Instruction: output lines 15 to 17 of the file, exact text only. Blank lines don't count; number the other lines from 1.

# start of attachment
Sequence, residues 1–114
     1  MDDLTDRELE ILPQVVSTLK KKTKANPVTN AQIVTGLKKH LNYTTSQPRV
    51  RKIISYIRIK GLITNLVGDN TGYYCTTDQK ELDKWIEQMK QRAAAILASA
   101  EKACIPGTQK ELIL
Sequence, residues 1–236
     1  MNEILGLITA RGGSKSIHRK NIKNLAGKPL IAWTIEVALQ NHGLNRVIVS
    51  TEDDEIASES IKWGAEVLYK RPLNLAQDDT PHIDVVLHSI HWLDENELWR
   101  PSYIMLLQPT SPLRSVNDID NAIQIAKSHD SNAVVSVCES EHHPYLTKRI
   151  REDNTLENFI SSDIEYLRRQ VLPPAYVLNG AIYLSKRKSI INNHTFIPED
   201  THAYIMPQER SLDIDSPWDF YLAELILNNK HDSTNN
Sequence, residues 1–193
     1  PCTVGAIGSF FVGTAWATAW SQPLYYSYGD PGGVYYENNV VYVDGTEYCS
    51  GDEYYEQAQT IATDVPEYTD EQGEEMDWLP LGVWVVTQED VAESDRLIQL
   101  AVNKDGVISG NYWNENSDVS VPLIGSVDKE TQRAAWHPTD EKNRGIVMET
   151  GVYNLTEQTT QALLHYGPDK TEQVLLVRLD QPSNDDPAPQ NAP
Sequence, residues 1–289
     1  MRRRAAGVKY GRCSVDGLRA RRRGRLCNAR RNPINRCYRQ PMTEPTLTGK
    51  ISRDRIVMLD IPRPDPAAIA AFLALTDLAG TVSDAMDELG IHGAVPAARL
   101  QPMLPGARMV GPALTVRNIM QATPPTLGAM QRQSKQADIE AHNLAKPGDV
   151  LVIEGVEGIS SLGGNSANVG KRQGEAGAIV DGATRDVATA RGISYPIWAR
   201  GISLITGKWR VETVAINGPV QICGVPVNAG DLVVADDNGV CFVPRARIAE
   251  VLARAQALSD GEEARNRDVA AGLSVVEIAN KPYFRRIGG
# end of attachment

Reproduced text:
   151  GVYNLTEQTT QALLHYGPDK TEQVLLVRLD QPSNDDPAPQ NAP
Sequence, residues 1–289
     1  MRRRAAGVKY GRCSVDGLRA RRRGRLCNAR RNPINRCYRQ PMTEPTLTGK